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50 MCQ World History Multiple Choice Trivia Quiz
Please select 2 correct answers
1. Who said that " Man is a political animal" ?
2. The schools which taught primary education to Muslims during the period of sultanate
3. Russian revolutionary, who founded the Communist Party was
4 'The Peloponnesian war' was fought between _______ and _____
5. The English King who was prepared to exchange his kingdom for a horse was
6. Which country has always remained free from foreign rule?
7. The historical monument Al Khazneh is located in which city ?
8. Who was the youngest pharaoh king of egypt took over at 9 and died young too at the age of 18 years?
9. The earliest Chinese civilization of which archaeologists tell us in the _______ civilization
10. Which widely known as the “Napoleon of Egypt”?
11. How many battle napoleon fought?
12. Who bags the title of the most successful female pharaoh to ascend the throne of Egypt?
13. How many pharaoh dynasties were there in Egypt?
14. Which Battle marked the end of Napoleon era?
15. Who among the following empasized the 'Five Relationships'?
16. When did the first Railway Train begin to carry passengers and freight?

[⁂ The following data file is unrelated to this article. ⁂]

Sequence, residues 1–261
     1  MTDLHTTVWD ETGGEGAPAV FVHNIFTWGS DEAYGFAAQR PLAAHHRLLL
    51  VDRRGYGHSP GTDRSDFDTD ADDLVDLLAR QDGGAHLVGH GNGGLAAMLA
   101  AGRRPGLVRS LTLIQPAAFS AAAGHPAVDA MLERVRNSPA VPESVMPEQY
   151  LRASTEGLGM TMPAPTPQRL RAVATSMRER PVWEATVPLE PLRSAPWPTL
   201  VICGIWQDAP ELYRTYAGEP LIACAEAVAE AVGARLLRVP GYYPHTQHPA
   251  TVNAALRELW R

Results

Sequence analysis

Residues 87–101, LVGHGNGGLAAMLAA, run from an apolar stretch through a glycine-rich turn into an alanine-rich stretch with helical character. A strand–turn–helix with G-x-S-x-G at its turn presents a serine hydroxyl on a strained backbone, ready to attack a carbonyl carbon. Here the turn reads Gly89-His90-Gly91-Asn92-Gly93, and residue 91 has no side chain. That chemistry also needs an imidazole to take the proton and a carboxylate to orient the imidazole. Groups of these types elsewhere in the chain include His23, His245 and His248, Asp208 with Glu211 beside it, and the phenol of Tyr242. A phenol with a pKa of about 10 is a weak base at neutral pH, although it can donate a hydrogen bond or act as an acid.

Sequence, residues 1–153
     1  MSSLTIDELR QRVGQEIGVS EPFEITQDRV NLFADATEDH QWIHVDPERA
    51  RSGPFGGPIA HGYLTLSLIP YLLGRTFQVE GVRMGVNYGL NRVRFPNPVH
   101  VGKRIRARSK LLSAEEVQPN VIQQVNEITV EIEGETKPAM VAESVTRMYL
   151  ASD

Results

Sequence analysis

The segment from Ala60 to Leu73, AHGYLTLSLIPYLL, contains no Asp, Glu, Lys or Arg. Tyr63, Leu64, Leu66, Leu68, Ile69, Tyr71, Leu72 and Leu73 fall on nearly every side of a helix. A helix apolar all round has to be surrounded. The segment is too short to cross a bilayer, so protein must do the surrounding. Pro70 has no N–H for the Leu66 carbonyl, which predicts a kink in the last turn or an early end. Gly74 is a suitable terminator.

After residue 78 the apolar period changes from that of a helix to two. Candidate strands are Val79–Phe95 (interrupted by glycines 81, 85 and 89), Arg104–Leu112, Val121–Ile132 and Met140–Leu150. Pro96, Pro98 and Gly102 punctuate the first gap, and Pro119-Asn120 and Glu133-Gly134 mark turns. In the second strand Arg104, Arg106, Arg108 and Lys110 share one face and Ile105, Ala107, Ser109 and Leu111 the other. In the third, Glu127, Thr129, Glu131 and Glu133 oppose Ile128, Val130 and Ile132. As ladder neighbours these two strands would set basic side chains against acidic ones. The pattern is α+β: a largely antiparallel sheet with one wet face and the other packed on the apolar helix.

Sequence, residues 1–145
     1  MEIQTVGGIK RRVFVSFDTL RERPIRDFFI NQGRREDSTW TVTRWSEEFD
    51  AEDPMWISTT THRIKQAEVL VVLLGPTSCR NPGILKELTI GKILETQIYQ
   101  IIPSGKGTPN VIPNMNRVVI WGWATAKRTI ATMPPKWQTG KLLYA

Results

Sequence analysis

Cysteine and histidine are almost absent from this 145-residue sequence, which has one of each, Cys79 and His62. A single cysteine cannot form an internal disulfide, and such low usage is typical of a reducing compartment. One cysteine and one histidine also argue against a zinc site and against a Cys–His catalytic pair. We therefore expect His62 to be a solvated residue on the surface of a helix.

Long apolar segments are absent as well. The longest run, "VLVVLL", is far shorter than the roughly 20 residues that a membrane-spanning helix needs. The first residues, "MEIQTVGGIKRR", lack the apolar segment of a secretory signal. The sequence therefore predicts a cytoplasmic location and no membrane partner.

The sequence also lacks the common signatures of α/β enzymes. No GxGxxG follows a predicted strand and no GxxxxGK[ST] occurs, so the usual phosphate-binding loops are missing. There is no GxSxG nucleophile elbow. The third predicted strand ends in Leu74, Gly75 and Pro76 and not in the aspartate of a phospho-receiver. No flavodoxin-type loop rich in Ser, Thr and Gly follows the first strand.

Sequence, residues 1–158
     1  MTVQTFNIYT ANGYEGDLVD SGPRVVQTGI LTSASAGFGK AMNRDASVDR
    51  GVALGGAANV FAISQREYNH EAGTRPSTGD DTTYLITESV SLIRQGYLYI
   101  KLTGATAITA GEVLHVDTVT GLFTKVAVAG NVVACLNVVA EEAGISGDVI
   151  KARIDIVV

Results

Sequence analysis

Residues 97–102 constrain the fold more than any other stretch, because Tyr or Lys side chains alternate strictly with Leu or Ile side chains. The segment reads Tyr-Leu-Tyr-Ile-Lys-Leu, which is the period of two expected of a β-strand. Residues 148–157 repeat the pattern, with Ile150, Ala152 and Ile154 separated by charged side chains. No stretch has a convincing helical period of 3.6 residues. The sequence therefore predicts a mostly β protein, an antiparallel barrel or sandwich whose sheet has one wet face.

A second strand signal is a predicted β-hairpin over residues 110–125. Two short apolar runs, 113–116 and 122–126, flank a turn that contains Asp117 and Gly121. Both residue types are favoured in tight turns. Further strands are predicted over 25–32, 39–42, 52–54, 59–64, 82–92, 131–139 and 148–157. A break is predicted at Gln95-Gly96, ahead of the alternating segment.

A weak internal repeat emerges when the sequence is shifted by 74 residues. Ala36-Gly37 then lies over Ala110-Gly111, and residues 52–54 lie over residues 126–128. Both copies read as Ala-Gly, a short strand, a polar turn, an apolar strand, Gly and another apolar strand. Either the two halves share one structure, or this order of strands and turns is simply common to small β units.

17. What was the name of the atom bomb dropped by USA on Hiroshima in Japan during the second world war ?
18. Who was among the famous Roman poets ?
19. Who is the First Test Tube Twins Babies in the World?
20. The religious rituals 'The Ziggurat of Dur-Kurigalzu' in Iraq was established during the
21. The Mortuary temple 'Shunet El Zebib' is situated in
22. Which place in not considered as a tomb?
23. World Heritage Site 'Tarxien Temples' is situated in
24. Which construction work is considered as the oldest preserved stone house in north west Europe?
24. Which political party used to have swastik ( a geometrical figure and an ancient religious icon) symbol ?
26. The oldest dynasty still ruling in which country?
27. Who was the modern world's first woman head of government ?
28. Whose period was known as the Golden Age of Rome?
29. In which country Aztec civilization was originated ?
30. Which among following is called "Gift of the Nile" ?
31. Which of these was an action of Farmers Alliances?
32. Young Italy movement by led by two revolutionaries, One was "Mazzini" and Other was ?
33. Which is considered as oldest civilization of the world ?
34. Who is called the Napoleon of Iran?
35. What were the watchwords for French Revolution?
36. The Cold War was a state of political and military tension after World War II between
37. Who is known as Man of Blood and Iron ?
38. The first news paper in the world was started by ?
39. Who is considered as the master of Greek comedy ?
40. Ancient Egypt was conquered in 30 B.C. by which Empire?
41. The other name of Lighthouse of Alexandria is
42. What is not one of the 7 Wonders of the Ancient World?
43. In ancient Egypt, people shaved their eyebrows when this animal died:
44. Henry VIII married this amount of times:
45. Roman Emperor Caligula made his ____ an official Senator.